U.S. Representative Greg Casar (D-TX), a Latino man, is seen beyond water bottles on the steps of the U.S. Capitol in Washington, D.C. He's wearing formal pants, a shirt and tie, with his sleeves rolled up.
(Bryan Olin Dozier/NurPhoto via AP)

Fighting for Breaks on Multiple Fronts

Workers and activists implore Governor Greg Abbott to consider the dire need for protections in the record-breaking heat.


Less than an hour into the “thirst strike” held last week on the steps of the U.S. Capitol, one of the activists calling for enhanced protections for construction workers passed out. An ambulance came to treat her.

“A young, seemingly healthy woman fainted so soon, and yet construction workers, not just in Texas, but throughout the country, are expected to labor in this climate for eight, 12, or 16-hour days,” said Eva Marroquin, a 50-year old construction worker and business owner who participated in the strike. Her replies have been translated from Spanish. “It’s evident that extreme heat doesn’t just impact workers, but is damaging society as a whole.” 

Marroquin and dozens of others—workers, activists, labor leaders, and politicians—were demanding protections for workers during what is expected to be one of the hottest summers on record in Texas. Headlined by Texas Congressman Greg Casar, the vigil and thirst strike aimed to put pressure on President Joe Biden to fast-track federal heat protection standards under the Occupational Safety and Health Administration (OSHA). The agency has been drafting heat safety standards since 2021, but the process is slow going. As of now, OSHA does not require water breaks for workers, nor does Texas state law. Since 2010 and 2015, respectively, Austin and Dallas have required 10-minute rest breaks for construction workers every four hours. But these local rules will soon be moot when House Bill 2127, which bans local ordinances mandating rest breaks as part of its larger aim to reduce local governmental power, goes into effect September 1.

“It’s evident that extreme heat doesn’t just impact workers, but is damaging society as a whole.”

After the display at the U.S. Capitol, the Biden Administration appeared to get the message. Days later, Biden announced that he had directed the U.S. Department of Labor to issue a “Hazard Alert” for heat, the first of its kind. This alert compels the department to provide information on how employers should protect workers from heat, make workers aware of their rights and protections, and explain the current status of OSHA rulemaking. In addition, Biden announced millions of dollars in investments toward mitigating climate change.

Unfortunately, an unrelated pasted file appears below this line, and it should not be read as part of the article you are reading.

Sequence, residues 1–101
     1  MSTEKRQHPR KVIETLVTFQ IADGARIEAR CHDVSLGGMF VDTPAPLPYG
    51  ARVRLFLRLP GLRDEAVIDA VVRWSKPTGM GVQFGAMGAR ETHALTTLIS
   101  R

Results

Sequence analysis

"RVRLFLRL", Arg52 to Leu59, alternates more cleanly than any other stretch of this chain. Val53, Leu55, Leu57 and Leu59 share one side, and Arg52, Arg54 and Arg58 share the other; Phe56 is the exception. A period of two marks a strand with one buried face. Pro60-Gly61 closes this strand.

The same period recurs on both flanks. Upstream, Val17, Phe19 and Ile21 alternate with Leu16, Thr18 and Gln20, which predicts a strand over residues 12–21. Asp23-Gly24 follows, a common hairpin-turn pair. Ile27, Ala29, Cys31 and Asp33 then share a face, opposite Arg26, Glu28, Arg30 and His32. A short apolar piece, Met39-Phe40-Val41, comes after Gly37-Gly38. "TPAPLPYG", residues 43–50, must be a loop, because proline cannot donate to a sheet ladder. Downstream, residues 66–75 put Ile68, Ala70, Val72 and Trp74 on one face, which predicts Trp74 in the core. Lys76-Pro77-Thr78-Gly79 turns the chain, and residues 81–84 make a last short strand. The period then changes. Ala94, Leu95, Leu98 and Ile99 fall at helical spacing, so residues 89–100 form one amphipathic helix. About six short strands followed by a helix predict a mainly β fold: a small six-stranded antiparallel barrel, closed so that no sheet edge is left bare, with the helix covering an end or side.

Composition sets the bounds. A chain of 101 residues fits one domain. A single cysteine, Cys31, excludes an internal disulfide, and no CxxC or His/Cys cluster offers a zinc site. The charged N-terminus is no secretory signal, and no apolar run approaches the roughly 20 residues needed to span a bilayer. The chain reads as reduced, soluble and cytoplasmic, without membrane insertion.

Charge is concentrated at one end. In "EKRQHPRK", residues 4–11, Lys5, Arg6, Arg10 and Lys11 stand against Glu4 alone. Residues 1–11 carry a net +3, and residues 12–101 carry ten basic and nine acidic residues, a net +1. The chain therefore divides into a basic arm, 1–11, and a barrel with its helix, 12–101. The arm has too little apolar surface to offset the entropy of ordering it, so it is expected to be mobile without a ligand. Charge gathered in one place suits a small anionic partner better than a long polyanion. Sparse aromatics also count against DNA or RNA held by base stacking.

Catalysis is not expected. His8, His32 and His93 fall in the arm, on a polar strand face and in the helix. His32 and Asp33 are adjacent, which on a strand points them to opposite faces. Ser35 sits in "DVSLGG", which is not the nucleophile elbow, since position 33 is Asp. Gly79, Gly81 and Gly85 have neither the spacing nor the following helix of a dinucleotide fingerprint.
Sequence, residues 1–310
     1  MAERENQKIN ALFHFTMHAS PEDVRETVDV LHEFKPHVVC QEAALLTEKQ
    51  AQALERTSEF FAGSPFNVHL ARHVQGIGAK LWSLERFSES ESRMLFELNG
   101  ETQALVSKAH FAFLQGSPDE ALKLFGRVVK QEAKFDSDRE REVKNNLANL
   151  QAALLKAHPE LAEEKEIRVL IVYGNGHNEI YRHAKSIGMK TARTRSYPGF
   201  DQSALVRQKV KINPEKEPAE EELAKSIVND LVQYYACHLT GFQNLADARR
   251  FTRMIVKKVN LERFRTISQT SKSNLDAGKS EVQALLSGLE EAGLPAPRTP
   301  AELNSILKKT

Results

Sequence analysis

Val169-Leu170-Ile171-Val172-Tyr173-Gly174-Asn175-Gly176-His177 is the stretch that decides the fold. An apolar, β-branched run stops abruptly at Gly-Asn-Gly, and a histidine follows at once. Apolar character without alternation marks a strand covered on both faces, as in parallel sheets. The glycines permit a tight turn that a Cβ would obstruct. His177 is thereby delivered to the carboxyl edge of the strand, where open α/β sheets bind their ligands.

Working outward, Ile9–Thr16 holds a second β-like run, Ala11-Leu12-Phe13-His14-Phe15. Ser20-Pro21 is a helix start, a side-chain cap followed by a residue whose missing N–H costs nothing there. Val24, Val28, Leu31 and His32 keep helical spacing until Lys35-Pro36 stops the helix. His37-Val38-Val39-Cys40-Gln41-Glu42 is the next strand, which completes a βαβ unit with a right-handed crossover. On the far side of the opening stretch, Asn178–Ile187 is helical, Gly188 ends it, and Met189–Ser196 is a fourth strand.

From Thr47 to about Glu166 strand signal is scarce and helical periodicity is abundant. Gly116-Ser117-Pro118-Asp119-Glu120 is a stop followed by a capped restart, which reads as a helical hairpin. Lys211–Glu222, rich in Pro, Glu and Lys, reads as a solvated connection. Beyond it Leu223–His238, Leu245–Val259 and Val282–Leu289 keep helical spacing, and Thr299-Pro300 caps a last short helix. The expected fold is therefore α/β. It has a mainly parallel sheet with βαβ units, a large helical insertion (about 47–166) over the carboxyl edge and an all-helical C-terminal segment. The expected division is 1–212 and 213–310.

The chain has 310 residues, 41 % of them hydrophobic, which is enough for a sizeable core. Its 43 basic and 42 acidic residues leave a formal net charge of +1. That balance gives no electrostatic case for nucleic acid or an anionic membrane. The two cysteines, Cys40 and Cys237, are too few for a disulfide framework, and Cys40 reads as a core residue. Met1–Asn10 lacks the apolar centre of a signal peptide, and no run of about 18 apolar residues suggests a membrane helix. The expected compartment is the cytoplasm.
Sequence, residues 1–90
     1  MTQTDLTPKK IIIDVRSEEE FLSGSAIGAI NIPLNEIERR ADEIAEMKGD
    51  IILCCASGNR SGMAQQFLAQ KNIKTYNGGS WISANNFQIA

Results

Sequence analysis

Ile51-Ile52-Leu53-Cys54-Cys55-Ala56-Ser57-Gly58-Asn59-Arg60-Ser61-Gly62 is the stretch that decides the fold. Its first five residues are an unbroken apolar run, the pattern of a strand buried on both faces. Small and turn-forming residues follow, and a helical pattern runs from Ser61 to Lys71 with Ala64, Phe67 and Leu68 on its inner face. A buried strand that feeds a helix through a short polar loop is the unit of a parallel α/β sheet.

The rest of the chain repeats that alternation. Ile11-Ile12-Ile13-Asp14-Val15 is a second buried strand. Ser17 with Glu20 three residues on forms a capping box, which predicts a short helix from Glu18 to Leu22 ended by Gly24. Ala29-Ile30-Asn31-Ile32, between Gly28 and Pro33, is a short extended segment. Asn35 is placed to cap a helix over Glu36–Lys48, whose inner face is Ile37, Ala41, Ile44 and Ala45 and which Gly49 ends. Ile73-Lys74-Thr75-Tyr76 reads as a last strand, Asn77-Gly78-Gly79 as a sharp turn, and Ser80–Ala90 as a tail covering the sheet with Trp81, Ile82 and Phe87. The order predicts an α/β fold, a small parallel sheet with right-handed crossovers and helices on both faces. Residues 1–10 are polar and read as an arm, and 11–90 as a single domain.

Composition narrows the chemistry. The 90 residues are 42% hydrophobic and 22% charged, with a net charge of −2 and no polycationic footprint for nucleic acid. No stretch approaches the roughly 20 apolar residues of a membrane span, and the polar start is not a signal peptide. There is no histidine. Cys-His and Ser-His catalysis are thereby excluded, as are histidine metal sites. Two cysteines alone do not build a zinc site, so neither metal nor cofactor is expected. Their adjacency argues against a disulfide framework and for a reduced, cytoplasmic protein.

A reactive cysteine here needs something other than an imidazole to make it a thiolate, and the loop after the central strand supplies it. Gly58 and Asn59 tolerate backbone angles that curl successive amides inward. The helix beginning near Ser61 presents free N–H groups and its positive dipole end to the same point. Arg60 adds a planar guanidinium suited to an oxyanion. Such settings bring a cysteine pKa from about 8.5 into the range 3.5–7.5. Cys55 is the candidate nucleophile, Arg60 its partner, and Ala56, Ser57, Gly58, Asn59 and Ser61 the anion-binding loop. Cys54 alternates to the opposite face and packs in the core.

Just before the thirst strike, a group of lawmakers cosigned a letter to officials within the Department of Labor, asking for the “fastest possible implementation” of new OSHA heat standards, which, the letter said, should include rest breaks, workplace medical training for heat-related illness, and acclimatization plans, among other things. It doesn’t appear Biden’s announcement will hurry the OSHA rulemaking process along, but the efforts aim instead to provide resources in the meantime. 

“The Biden Administration understands that families across Texas and America deserve dignity on the job and protection from extreme heat,” Casar said in a statement. “Together, we will finally win a federal heat standard and the right to water breaks and safety for every American worker.”

Speaking in Spanish via a translator, construction worker and thirst strike participant Nicolas Matom Marcos said he was “elated” by Biden’s announcement. “I feel motivated. It’s so fulfilling to know I’m part of a cause greater than myself and that it’s having an impact. I lost three days of work to be at the thirst strike but what came out of it was well worth the sacrifice.”

The president met with San Antonio Mayor Ron Nirenberg on the day of his announcement. San Antonio was considering passing its own local water break mandate when Governor Greg Abbott signed HB 2127 into law in June, quashing the city’s plans. Niremberg did not respond to requests for comment, but he criticized the bill during a televised appearance on Face the Nation after the announcement. “We’re trying to protect residents and workers, and they are doing everything they can to prevent that from happening,” Nirenberg said on air.

A worker sits on the steps of the U.S. Capitol in front of a small makeshift memorial and a sign advertising the "Vigil and Thirst Strike for Workers Rights." She is protecting herself from the sun under a pink umbrella.
After the “thirst strike,” President Biden urged the Department of Labor to issue a unique “hazard alert” and promised additional resources for climate change mitigation. (Bryan Olin Dozier/NurPhoto via AP)

Now, workers and activists are calling for statewide protections as well. Daniela Hernandez,  state legislative coordinator for the nonprofit Workers Defense Project (WDP), a community group advocating for Texas laborers, said she’s “excited about [federal’] initiatives” but that there’s “more work that needs to be done.” WDP, Texas AFL-CIO, and at least 180 other organizations are now asking Abbott to address heat safety in a special legislative session.

“[Texas lawmakers] are signing these bills in air-conditioned rooms,” Hernandez told the Texas Observer. “They have access to water, they can take breaks. We’re really just asking for workers to have equal protections. … I really hope Governor Abbott does end up addressing heat safety because these deaths, they’re preventable.” 

Abbott’s move to subvert local requirements comes at a dangerous time for Texas workers, particularly those who work outside or in spaces without air-conditioning. July was the hottest on record in Austin and Houston, with the average heat index reaching 120 in Houston. Shortly after Abbott signed the bill, the League of United Latin American Citizens deemed it a “death sentence for Latino and Texas workers,” per the Houston Chronicle.